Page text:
Eldon: Wantagh Labs is the primary supplier of limulus amebocyte lysate, or L.A.L., east of the Mississippi. It's the protein in the crabs' blood that detects contamination. Every biotech and pharmaceutical company in existence uses L.A.L. to test their products. A quart of this stuff sells for $15,000.
Sherlock: I'm sure the crabs are very happy for you.
Eldon: I know it looks gruesome, but I promise, we don't kill them. We take a safe amount of their blood, and then return them to the ocean. When Talia founded this place, she was adamant about treating them as humanely as possible. This was Talia's desk. Everything is pretty much where she left it. It's not quite a shrine, but it's close. We figure her family will come get her things when they're ready. Talia was killed by a mugger, right? Sorry, it's just, I'm not sure what you would find here that would point you to the person who did it.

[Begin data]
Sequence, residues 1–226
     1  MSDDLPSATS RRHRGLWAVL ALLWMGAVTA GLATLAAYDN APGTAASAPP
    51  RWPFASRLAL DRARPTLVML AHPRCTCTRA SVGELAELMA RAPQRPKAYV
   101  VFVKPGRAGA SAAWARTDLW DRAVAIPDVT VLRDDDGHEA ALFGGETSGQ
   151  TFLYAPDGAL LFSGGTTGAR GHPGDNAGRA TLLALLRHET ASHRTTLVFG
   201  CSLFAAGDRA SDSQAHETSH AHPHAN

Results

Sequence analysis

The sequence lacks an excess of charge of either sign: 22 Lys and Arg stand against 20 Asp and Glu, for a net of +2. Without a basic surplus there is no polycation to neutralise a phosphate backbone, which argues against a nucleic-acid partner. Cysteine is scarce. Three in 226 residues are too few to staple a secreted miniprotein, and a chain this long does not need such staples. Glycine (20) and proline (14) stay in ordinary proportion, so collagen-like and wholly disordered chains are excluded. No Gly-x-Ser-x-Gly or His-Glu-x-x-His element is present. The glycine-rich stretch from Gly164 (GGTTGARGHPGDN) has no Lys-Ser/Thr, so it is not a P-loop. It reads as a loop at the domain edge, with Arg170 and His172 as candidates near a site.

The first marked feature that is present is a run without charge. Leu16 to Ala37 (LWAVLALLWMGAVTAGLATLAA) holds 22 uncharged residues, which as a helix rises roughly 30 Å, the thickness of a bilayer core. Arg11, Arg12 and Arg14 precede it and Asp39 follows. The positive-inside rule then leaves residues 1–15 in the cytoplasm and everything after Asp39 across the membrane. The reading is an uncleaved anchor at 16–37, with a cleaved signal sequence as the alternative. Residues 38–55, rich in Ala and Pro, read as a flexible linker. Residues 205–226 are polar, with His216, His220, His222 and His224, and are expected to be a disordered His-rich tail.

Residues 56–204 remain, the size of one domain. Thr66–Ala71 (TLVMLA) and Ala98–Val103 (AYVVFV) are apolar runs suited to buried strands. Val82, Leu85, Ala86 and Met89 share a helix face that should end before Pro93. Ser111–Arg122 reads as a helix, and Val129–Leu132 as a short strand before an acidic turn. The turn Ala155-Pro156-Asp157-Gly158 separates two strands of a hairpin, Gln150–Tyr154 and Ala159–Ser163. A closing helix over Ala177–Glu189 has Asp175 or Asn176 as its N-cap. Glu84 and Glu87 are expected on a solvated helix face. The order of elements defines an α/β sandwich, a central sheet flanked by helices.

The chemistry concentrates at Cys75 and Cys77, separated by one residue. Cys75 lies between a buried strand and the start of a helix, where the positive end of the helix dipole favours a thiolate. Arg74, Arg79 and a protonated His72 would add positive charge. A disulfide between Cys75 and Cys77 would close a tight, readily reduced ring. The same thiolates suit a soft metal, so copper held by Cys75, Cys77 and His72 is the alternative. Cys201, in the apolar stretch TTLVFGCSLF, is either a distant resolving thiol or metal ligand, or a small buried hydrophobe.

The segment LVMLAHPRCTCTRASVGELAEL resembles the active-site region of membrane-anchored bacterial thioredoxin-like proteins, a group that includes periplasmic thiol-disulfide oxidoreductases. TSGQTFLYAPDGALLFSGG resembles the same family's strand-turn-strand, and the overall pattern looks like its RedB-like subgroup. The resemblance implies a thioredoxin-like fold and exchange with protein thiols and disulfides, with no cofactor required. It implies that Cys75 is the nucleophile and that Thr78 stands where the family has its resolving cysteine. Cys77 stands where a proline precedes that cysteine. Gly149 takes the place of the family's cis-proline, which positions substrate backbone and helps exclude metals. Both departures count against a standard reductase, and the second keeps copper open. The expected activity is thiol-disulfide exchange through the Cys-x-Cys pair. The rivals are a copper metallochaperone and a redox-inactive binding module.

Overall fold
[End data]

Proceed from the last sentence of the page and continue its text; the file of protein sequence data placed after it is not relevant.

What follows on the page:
Watson: We have reason to believe there's more to the story.
Eldon: Seriously?
Sherlock: Would you help me get onto her computer?
Eldon: Yeah, sure.
Watson: So, how did Talia seem in the days before her death?
Eldon: Uh, happy, I guess. She was a happy person.
Watson: She wasn't having any problems with anyone?
Eldon: Not that I'm aware of.
Watson: And she hadn't made any threats against anyone?
Eldon: Threats? No. Absolutely not. Why?
Sherlock: According to her calendar, she met with a nonprofit organization, Heal the Wild, just a few days before she died.
Eldon: The conservationist group? What we do here, even though it helps save lives, it's controversial. Horseshoe crabs are endangered, and Heal the Wild thinks labs like ours are contributing to the decline in the population. Talia gave a tour to some of the group members that day. She wanted them to see that we were doing everything the right way.
Watson: How'd it go?
Eldon: Good, I think. No one threw blue blood on us or anything.
Sherlock: Still, odd to invite their scrutiny, no?
Eldon: Would I have brought them here? No. But that was Talia. She wanted to open a dialogue with them, so she did.
Sherlock: So are you saying they were in regular contact?